No error appeared in the admission, during redirect examination of a medical examiner at the trial of an indictment charging manslaughter, of photographs showing a knife wound in the breast of the deceased, although the witness had already testified in detail as to the wound, where it appeared that the photographs, during the witness's cross-examination, had been given to counsel for the defendant at such counsel's request, and there was nothing to indicate that their admission inflamed the jury or prejudiced the defendant.
In the circumstances, no abuse of discretion was shown and no error appeared in a statement by the judge presiding at the trial of an indictment that a witness for the Commonwealth was "hostile," or in his granting counsel for the Commonwealth the privilege of cross-examination "at liberty."
On the issue of self defence at the trial of an indictment charging manslaughter, the individual opinion of a bystander as to whether the defendant was put in reasonable apprehension of immediate peril at the hands of the deceased was inadmissible.
INDICTMENT, found and returned on February 6, 1945, charging manslaughter.
The case was tried before Sullivan, J.
H. D. Sharpe, for the defendant.
G. E. McGunigle, Assistant District Attorney, for the Commonwealth.
WILKINS, J. The defendant was convicted upon an indictment for manslaughter in causing the death of Effie Barber. The defendant's appeal is accompanied by an assignment of errors, a summary of the record, and a transcript of the evidence. G. L. (Ter. Ed.) c. 278, Sections 33A-33G, as amended by St. 1939, c. 341. Three assignments of error are argued.
1. The first assignment of error relates to the admission in evidence during the redirect examination of the medical examiner of three photographs showing a knife wound in the breast of the deceased. The medical examiner had given the photographs to counsel for the defendant at his request during cross-examination. There was no error. It is not a valid objection to admissibility that the medical examiner had already testified in detail as to the wound and other conditions shown by the photographs. There is nothing to indicate that their admission inflamed the jury or prejudiced the defendant in any way. Commonwealth v. Gray 314 Mass. 96 , 98, and cases cited.
2. The third assignment of error concerns an incident which arose during the direct examination of Dorothy Craig, a sister-in-law of the defendant, who was called as a witness by the Commonwealth. The witness had testified at some length as to the occurrences of the evening of January 22, 1945, and of the early morning of January 23, when the deceased met her death as a result of a knife wound at 40 Sterling Street, Roxbury, where the deceased, the defendant, and the witness resided. The transcript of the testimony shows that there was from time to time much difficulty in hearing the witness, who was frequently asked both by the assistant district attorney and by the judge to speak louder so that she might be heard. The judge then interrupted the examination and said, "Just a moment. Witness, will you turn around and sit in your chair and sit up straight and look at the jury and answer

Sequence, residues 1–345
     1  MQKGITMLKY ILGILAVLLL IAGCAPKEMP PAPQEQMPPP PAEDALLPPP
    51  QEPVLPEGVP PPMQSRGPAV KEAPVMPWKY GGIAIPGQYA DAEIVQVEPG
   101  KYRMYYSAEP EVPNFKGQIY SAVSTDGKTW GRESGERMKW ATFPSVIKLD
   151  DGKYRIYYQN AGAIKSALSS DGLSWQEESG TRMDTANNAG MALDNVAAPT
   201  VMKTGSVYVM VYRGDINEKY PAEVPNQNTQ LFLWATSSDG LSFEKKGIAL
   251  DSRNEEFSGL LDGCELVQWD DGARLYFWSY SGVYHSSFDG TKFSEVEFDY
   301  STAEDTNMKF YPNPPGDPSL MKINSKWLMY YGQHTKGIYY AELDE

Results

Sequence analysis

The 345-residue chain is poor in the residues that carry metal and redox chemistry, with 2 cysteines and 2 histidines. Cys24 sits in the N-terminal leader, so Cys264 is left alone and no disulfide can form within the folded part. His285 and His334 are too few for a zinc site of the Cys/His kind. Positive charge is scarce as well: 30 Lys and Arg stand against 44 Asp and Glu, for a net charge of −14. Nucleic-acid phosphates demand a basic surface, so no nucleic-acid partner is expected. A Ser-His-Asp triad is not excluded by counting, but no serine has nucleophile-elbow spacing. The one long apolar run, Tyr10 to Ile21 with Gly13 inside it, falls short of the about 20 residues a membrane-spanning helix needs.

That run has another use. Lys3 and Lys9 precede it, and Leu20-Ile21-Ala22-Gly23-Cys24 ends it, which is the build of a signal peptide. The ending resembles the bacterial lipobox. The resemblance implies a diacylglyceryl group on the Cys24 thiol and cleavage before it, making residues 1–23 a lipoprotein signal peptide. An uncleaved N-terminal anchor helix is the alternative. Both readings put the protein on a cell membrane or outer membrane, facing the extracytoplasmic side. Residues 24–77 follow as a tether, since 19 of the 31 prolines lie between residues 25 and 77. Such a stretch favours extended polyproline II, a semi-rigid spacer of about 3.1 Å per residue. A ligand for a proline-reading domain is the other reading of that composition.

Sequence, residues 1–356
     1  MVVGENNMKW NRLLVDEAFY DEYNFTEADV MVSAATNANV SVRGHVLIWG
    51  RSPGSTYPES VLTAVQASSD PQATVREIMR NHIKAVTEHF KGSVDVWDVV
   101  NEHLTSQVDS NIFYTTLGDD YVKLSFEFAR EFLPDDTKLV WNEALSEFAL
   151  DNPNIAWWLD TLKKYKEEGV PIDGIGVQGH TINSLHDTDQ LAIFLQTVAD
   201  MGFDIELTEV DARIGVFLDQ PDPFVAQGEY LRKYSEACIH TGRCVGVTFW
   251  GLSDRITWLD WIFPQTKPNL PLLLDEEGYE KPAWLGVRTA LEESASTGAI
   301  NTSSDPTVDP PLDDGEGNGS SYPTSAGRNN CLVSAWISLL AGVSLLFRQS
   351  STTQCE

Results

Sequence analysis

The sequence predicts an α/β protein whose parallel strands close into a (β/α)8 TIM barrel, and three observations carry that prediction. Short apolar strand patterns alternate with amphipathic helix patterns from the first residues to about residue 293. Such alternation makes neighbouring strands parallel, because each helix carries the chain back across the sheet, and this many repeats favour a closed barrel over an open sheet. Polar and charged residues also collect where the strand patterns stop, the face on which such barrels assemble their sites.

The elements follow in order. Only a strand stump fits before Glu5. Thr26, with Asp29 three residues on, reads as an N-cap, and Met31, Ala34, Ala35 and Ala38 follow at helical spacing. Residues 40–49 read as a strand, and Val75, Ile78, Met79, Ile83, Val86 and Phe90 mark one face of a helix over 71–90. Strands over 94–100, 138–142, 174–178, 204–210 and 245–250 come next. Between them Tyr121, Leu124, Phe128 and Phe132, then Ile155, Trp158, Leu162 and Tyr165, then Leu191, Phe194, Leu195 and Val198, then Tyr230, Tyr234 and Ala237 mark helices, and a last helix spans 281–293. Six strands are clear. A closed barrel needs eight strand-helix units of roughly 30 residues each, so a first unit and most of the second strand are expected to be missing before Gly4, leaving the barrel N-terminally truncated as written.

questions? If you don't, I will take a hand at it. Now go ahead. You are privileged to cross-examine at liberty. This is a hostile witness and I so declare." After some further questions and answers there was a conference at the bench at the conclusion of which the judge said, "Counsel takes an exception to the court's ruling that this witness is hostile. His exception is noted. . . . I think for the purpose of the record I may state that the court has felt it necessary to call upon this witness to turn around, face the jury, sit up in the chair, and answer the questions audibly, and I have declared her a hostile witness because of her reluctance and her manner of reply and brevity of reply."
In so far as the "ruling" permitted the assistant district attorney to ask leading questions, the defendant has no valid exception. Commonwealth v. Coshnear, 289 Mass. 516 , 527. The occurrence was largely a matter of observation, and does not lend itself readily to reproduction in the printed record. No abuse of discretion appears in the action or statement of the judge.
3. The seventh assignment of error arises out of the exclusion of a question which counsel for the defendant asked Dorothy Craig on cross-examination: "When you saw Effie coming from the kitchen with two plates in her hand, did that cause you to believe that she was about to do Helen serious harm?" The ruling was right. While the witness could relate any facts within her observation bearing upon the issue of self defence, it was for the jury to say whether the defendant was put in reasonable apprehension of immediate personal violence at the hands of the deceased. The individual opinion of a bystander upon this issue was immaterial. Gardner v. State, 90 Ga. 310, 315. Lowman v. State, 109 Ga. 501, 502. Smith v. Commonwealth, 113 Ky. 19, 24-25. Tucker v. State, 89 Md. 471, 476-478. Abbott v. People, 86 N. Y. 460, 471. State v. Rhoads, 29 Ohio St. 171, 172. State v. Summers, 36 S. C. 479, 485-486. Phipps v. State, 36 Tex. Cr. 216, 220. Wilheit v. State, 107 Tex. Cr. 614, 617. Wiggins v. State, 115 Tex. Cr. 434, 436. See State v. Maxwell, 42 Iowa, 208, 209; State v. Vines, 93 N. C. 493, 496. Cases are distinguishable where
the evidence related to the actual belief of the defendant (see Commonwealth v. Woodward, 102 Mass. 155 , 160-161), to the defendant's knowledge of the quarrelsome character of the deceased (Commonwealth v. Tircinski, 189 Mass. 257 ), or to the relative physique of the defendant and the deceased (Commonwealth v. Barnacle, 134 Mass. 215 ). See also Commonwealth v. Rubin, 318 Mass. 587 , 590. There is nothing to the contrary in Commonwealth v. Sturtivant, 117 Mass. 122 .